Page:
Ethical Considerations in Palliative Care
Ethical Considerations in Palliative Care

Ethical Considerations in Palliative Care

by Mark Hughes, MD, MA

Ethical considerations in palliative care are of paramount importance for medical students as they navigate complex end-of-life situations. Understanding these ethical principles is not only crucial for providing compassionate patient care but also for success in medical licensing exams like the United States Medical Licensing Examination (USMLE). Here's a brief overview of key ethical topics in palliative care, including futile treatment, death by neurologic criteria (DNC), and medical aid in dying (MAID), and their relevance to the USMLE.

Futile treatment refers to medical interventions that are highly unlikely to provide any meaningful benefit to a patient. In palliative care, the focus is on improving the quality of life and managing symptoms rather than pursuing aggressive and futile treatments. Medical students should understand the ethical principle of non-maleficence, which emphasizes "do no harm," and recognize when further treatment may be causing unnecessary suffering. DNC, also known as brain death, is a complex and ethically challenging concept. It involves irreversible cessation of all cerebral and brainstem activity. In some cases, patients may be candidates for organ donation after DNC. Medical students should be familiar with the clinical and ethical criteria for determining DNC, the importance of thorough testing, and the process of discussing DNC with patients' families. MAID is a contentious issue in medicine and ethics, involving a terminally ill patient's request for assistance in ending their own life. It is legal in some jurisdictions, but the ethical implications are complex. Medical students should understand the principles of autonomy, beneficence, and non-maleficence when considering MAID requests.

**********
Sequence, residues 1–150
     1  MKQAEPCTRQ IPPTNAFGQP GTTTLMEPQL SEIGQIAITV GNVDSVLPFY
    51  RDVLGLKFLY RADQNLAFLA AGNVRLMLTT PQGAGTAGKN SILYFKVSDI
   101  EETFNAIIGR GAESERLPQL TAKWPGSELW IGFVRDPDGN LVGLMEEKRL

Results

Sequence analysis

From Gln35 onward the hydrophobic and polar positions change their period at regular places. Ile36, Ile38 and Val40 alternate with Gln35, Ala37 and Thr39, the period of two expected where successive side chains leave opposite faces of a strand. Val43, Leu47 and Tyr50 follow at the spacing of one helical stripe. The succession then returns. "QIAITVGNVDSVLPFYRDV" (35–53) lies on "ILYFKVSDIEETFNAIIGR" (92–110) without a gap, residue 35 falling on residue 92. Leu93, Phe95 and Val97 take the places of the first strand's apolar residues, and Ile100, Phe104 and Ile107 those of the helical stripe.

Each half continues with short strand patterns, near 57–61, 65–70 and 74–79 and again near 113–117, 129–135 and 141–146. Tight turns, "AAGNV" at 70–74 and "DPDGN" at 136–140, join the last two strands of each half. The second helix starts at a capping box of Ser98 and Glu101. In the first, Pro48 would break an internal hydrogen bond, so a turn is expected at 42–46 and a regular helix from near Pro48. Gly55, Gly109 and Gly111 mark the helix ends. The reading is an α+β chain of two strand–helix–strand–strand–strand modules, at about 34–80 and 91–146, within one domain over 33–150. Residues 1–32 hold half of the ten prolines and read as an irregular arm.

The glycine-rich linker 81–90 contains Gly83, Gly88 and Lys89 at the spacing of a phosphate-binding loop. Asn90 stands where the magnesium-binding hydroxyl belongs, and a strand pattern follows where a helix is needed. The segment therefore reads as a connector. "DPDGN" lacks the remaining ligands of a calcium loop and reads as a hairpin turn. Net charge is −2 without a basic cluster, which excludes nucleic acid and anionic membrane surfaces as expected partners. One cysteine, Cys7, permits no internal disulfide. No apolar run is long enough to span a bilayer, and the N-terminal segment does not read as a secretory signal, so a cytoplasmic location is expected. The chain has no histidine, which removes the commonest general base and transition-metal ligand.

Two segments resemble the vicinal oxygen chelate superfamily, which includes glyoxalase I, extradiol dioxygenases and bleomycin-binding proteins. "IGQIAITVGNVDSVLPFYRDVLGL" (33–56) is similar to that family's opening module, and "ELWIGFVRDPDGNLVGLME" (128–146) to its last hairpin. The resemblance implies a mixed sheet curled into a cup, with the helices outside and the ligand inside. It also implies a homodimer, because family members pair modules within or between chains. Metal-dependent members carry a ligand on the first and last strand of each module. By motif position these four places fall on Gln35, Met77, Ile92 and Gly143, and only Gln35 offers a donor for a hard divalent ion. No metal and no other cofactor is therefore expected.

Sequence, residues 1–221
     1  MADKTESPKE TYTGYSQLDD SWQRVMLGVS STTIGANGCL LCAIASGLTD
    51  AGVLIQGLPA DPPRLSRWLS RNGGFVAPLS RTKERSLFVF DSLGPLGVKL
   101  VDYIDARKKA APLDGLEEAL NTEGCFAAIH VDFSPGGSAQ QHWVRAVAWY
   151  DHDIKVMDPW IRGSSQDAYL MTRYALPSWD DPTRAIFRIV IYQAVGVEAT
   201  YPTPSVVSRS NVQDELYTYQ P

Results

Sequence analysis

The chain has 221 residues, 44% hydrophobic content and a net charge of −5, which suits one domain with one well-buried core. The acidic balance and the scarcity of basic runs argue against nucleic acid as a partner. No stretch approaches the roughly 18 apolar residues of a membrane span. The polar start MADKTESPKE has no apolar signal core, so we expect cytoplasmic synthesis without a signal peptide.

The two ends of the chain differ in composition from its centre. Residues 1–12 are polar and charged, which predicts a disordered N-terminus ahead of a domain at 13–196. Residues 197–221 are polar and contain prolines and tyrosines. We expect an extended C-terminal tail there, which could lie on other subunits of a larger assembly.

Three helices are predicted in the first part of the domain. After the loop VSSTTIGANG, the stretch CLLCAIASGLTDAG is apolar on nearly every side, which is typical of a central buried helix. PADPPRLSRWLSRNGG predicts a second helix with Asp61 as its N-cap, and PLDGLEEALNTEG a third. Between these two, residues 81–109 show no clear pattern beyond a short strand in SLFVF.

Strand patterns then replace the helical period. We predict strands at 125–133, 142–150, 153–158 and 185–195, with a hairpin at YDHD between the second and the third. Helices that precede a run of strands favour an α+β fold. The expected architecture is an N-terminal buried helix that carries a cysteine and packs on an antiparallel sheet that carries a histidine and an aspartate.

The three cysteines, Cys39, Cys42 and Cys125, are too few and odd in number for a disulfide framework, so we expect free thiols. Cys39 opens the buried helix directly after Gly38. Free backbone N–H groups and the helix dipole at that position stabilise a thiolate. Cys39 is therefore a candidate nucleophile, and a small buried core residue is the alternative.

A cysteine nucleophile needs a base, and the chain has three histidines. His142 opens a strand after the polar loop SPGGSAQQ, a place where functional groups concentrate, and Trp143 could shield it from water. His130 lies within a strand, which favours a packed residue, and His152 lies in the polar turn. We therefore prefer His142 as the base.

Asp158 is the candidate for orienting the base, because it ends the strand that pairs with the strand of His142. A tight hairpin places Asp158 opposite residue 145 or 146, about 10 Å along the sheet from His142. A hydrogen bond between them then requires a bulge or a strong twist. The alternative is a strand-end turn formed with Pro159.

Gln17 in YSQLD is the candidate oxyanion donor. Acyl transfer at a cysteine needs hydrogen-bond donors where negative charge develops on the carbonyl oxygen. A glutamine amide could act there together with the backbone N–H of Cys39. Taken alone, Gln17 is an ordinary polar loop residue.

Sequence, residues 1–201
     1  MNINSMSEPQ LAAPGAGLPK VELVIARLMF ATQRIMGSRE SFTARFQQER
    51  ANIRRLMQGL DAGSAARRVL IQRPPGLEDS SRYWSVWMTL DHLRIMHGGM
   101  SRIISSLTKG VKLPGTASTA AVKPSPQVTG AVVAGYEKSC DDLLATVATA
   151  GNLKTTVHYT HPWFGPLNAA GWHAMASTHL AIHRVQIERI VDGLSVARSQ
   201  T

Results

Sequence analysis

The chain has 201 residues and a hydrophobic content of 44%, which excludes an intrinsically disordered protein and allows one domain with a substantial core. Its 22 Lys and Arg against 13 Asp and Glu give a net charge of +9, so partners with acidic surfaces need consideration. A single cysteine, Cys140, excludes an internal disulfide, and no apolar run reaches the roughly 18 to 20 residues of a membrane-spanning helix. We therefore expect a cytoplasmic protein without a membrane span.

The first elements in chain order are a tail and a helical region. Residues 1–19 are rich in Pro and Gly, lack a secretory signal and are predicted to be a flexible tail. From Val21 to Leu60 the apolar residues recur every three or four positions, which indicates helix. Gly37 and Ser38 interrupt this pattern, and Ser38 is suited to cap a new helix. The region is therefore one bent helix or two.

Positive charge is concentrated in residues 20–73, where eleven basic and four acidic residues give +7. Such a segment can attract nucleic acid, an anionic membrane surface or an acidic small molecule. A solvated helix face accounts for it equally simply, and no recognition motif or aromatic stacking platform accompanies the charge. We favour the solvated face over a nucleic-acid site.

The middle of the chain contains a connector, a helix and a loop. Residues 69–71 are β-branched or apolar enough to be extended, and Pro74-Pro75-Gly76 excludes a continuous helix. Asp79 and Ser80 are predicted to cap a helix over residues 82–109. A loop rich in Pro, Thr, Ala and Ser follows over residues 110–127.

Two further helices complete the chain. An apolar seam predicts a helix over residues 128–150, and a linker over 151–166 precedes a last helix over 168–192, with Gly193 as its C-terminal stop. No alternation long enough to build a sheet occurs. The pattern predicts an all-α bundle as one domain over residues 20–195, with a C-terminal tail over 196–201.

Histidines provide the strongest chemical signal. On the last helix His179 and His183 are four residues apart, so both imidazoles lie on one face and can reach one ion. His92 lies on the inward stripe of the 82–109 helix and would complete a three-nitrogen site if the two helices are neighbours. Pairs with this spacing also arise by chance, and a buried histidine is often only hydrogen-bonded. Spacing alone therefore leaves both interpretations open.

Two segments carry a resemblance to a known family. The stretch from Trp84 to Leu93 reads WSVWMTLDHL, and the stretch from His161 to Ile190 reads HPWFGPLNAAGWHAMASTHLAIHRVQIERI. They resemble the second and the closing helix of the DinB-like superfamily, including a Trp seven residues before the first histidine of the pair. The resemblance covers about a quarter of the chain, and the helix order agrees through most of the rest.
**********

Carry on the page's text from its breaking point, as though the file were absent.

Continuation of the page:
For the USMLE, expect questions that evaluate your understanding of the ethical principles underpinning palliative care decisions and your ability to apply these principles in clinical scenarios. Palliative care is a vital aspect of medical practice, and demonstrating ethical competence in this field is essential not only for the exam but also for providing compassionate, patient-centered care in end-of-life situations.

Course Details

  • Videos 13
  • Duration 1:14 h
  • Quiz questions 36
  • Concept Pages 4


Your Educators of course Ethical Considerations in Palliative Care

 Mark Hughes, MD, MA

Mark Hughes, MD, MA

Dr. Mark Hughes Mark, MD, MA, is an Assistant Professor of Medicine at the Johns Hopkins University School of Medicine and a core faculty member in the Berman Institute of Bioethics.

Dr. Hughes received his MD from Stony Brook University in 1992 and his MA in philosophy (bioethics) from Georgetown University in 2003. He is the co-chair of the Johns Hopkins Hospital Ethics Committee and Consultation Service. Dr. Hughes directs several courses in clinical ethics and research ethics in undergraduate and graduate medical education and continuing medical education.

Within Lecturio, Dr. Hughes teaches Medical Ethics.

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